Signals emerging from quarterly numbers declared by global tech giants indicate that there could be a slowdown in tech spending by companies over the next two quarters. Microsoft, for example, has warned of a marked slowdown in its cloud computing business as large customers pause their spending in the face of a slowing economy. Other major tech companies, such as Meta, Twitter, Snap, and Apple, have already enforced job cuts and slowdown in hiring.

This comes even as the domestic IT industry has steadily climbed in global ranks, reporting the highest-ever market share in five years. India-based IT companies outperformed their global counterparts in Q2-FY23, delivering a cumulative 1 per cent quarter-on-quarter increase in revenues; meanwhile, revenues for global IT companies degrew by 2.1 per cent quarter on quarter. This is because domestic IT companies have been making major investments into technologies of the future, including cybersecurity, analytics, cloud, and IoT digital which have fostered resilience in the sector. While most Indian players see the weakness in the global macro environment as transitory and expect the tech upcycle to continue, management commentary has turned cautious, given fears of a macro slowdown.

For instance, the management of HCL Tech has already revised its guidance downward for the current financial year, blaming volatile macros and the impact of higher-than-expected furloughs in the BFSI, hi-tech and telecom verticals. Similarly, Mindtree is seeing European clients being cautious, which is reflected in a slower pace of decision-making and elongated deal-closure cycles. The US and Europe together account for 80-90 per cent of revenues for all companies. While the US is facing its worst inflationary trends in 40 years, the UK is up against a long recession. Macro uncertainties, high inflation and supply disruptions could force deferment or cancellation of projects, which will shrink the deal pipeline for IT companies.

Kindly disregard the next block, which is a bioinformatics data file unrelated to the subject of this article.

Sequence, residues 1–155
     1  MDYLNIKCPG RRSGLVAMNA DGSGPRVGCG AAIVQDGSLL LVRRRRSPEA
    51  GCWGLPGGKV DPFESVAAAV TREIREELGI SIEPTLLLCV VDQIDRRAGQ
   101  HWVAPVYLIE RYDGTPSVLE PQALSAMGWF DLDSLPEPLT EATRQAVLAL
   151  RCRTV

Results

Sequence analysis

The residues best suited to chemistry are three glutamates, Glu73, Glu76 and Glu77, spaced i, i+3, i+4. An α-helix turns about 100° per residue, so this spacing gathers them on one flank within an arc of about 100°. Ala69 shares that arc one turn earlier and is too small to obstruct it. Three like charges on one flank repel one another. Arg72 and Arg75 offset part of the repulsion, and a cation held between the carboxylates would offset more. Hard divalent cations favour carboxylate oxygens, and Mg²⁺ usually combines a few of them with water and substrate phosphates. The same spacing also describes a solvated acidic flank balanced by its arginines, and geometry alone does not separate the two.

In terms of vertical segments, for most Indian IT services companies BFSI is the largest vertical. With capital markets taking a hit in the West, discretionary IT spending is likely to reduce. The big four IT players have already cut down on hiring, adding around 30,000 employees in the September quarter compared to 52,000 employees in the same quarter of last fiscal. To their credit, Indian IT companies have fixed their business models and moved up the tech value chain to be able to overcome near term challenges. Now, they should use this period of slowdown to fix issues around human resources. Better employee retention schemes should be put in place to avoid the problem of attrition when the next upcycle comes. Massive attrition over the past year has dented profitability. In the past, companies have used down-cycles for downsizing their workforce to protect margins. Instead, they should look to reskill employees and invest for the long term.